b. Temporal analyses of surface energy fluxes

The energy balance at a snow surface includes net radiative fluxes, sensible and latent heat fluxes, ground heat fluxes, and the energy transfer due to rain on snow. Over the pan-Arctic, ground heat flux is a small component of the energy balance of melting snowpack compared with radiative and turbulent heat fluxes. Therefore, its effects on total snowmelt can safely be ignored (Gray and Prowse 1993). Similarly, rain on snow has an important influence on the water retention characteristics of snow and water movement in the pack but is of minor importance compared with other energy fluxes (Male and Granger 1981). For these reasons, our trend analysis using the nonparametric Mann–Kendall trend test was applied only to the surface energy inputs at the snow surface (i.e., to SNR, SH, and LH). Table 2 summarizes their monotonic trends over North America and Eurasia from April through June for the period 1972–2006. Trends were computed for monthly means of surface energy fluxes over SCSZs for both continents. Strong positive trends were found in SNR in the North American and Eurasian SCSZs, except for Eurasia where the trend was not statistically significant in April. As with SNR, the SH fluxes also did not have a statistically significant trend in April for Eurasia, whereas they had statistically significant upward trends for other SCSZs. The changes in LH are mostly negative and are statistically significant at p < 0.025 for the North American SCSZ in May and June and at p < 0.01 for the Eurasian SCSZ only in May.

Table 2.

Trend analyses for three surface energy fluxes (SNR, SH, and LH) from April to June for 1972–2006 in the North American and Eurasian SCSZs generated from VIC. The significance level (p value) was calculated using a two-sided Mann–Kendall trend test. Trend slope units are watts per square meter per year.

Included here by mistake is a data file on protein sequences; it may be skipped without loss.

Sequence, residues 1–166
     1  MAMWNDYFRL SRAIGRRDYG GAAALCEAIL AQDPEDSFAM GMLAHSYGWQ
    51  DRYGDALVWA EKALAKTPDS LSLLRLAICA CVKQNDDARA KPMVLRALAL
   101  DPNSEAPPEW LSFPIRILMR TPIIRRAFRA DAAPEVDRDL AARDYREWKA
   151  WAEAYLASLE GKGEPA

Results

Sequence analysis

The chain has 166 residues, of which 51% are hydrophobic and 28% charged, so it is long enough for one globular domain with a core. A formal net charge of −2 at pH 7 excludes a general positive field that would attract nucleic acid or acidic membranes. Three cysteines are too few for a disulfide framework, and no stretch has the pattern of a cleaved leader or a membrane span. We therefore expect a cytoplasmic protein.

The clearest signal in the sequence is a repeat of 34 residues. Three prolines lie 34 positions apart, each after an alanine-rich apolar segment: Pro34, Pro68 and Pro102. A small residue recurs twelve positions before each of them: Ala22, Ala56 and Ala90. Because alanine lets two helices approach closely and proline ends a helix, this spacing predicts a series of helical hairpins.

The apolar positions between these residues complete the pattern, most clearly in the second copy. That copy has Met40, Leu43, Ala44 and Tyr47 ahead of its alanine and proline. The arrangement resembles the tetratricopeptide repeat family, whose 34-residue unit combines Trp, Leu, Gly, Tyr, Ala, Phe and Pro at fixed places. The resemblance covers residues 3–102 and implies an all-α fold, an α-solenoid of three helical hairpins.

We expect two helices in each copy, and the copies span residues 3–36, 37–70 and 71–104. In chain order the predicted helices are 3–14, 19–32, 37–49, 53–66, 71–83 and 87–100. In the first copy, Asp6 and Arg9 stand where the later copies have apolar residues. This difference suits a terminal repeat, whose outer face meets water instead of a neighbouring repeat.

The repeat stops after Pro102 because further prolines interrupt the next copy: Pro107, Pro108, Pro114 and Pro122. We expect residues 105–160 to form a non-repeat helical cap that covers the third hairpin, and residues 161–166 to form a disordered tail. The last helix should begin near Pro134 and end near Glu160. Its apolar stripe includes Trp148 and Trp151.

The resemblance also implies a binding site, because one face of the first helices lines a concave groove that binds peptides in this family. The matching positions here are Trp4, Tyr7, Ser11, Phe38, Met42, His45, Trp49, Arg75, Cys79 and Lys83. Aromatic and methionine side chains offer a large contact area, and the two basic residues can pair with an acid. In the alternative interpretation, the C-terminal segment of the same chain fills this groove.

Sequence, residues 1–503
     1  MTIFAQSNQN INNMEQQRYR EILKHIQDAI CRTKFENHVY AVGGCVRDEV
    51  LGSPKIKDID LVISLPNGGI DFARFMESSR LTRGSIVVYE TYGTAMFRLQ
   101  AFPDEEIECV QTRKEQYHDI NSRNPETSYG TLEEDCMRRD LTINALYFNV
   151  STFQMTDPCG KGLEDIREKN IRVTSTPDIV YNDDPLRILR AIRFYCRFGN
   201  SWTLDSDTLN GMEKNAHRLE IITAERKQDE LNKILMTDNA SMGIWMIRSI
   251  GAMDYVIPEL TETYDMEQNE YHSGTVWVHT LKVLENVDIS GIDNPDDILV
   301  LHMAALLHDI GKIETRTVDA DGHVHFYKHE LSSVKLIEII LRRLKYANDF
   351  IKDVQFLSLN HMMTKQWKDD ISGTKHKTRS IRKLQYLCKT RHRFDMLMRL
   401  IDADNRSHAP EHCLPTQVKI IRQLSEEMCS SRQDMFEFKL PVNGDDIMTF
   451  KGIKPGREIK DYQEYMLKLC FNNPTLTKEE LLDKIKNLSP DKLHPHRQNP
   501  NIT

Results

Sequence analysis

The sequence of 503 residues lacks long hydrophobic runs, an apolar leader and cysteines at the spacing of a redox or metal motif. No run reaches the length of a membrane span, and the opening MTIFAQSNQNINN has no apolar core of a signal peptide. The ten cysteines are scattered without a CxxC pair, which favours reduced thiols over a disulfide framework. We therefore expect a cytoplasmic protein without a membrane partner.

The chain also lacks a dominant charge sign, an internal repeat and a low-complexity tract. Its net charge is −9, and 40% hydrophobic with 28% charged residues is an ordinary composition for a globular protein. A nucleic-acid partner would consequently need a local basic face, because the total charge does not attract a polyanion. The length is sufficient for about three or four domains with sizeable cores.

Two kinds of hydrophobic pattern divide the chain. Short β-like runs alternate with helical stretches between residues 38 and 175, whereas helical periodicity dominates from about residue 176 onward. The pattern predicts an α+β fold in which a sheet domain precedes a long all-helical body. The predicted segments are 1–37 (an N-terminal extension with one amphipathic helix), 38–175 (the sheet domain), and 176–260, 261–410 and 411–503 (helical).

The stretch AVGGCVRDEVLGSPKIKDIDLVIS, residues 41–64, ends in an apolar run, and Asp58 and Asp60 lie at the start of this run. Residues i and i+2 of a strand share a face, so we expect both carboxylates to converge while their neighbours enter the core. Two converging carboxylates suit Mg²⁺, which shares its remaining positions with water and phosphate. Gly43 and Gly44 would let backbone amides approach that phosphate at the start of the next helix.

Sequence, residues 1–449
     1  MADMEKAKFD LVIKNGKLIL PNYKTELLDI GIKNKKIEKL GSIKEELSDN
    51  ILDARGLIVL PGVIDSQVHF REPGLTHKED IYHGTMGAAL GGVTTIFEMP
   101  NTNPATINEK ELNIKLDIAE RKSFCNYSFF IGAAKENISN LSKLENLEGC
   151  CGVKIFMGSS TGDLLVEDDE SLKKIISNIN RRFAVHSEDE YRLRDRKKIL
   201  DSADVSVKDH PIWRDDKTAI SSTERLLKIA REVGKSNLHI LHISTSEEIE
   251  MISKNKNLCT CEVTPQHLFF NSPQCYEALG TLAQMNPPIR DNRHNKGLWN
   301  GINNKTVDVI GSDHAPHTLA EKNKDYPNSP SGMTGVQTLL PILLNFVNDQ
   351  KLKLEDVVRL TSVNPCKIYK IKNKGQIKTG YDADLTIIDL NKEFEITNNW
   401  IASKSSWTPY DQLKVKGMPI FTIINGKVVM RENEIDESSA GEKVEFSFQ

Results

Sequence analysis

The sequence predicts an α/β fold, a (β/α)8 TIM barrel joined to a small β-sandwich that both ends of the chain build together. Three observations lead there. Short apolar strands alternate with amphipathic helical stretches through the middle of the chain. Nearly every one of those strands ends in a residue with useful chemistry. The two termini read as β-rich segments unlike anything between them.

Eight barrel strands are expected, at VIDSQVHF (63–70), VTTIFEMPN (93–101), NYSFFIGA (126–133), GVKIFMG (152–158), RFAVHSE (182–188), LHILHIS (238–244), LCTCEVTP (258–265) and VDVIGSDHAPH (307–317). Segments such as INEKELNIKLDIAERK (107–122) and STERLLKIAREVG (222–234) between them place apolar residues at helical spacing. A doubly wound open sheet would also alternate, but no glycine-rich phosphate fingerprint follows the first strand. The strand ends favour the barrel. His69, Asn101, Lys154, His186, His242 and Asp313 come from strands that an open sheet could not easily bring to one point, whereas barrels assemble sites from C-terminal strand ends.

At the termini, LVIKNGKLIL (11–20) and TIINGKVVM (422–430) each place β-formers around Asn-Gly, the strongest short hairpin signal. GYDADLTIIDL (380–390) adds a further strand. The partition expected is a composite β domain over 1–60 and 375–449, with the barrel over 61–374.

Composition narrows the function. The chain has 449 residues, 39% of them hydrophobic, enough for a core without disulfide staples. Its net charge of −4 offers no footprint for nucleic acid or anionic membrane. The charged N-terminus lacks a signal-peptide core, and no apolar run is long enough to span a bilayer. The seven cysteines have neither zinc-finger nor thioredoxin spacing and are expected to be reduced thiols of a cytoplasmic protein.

Table 2.

c. Correlations between observed SCE and modeled surface energy fluxes

The Pearson’s product–moment correlation coefficient was used to assess relationships between NOAA SCE and VIC-simulated surface energy fluxes for each 5° latitude band over the North American and Eurasian SCSZs from April through June (Fig. 5). The correlations in April are all statistically significant at p < 0.025 (two-sided test) for each latitude band in the SCSZs over both continents. For May, SNR and SH have nonsignificant relationships with NOAA SCE from 60°–65°N to 70°–75°N in North America, as well as for the 45°–50°N latitude band over Eurasia. Additionally, the correlation between SH and SCE is positive for 70°–75°N in North America. For June, the latitude bands 45°–50°N over the North American SCSZ and 50°–60°N and 70°–75°N over the Eurasian SCSZ have nonsignificant correlations with SNR and SH. The negative correlations indicate that SNR and SH have opposite trend directions with observed SCE. Generally speaking, SNR has a relatively stronger relationship with NOAA SCE than does SH, especially in Eurasia. For LH, the correlations are always positive and much stronger in North America than that in Eurasia.

Fig. 5.
Fig. 5.

Correlations between three surface energy fluxes: SNR, SH, and LH and NOAA satellite SCE observations for each latitude band in the (left) North American and (right) Eurasian SCSZs from April through June. The significance level of p < 0.025 (dashed lines) was calculated by a Student’s t test.

Citation: Journal of Climate 26, 6; 10.1175/JCLI-D-12-00044.1

d. Role of surface energy fluxes in snow cover changes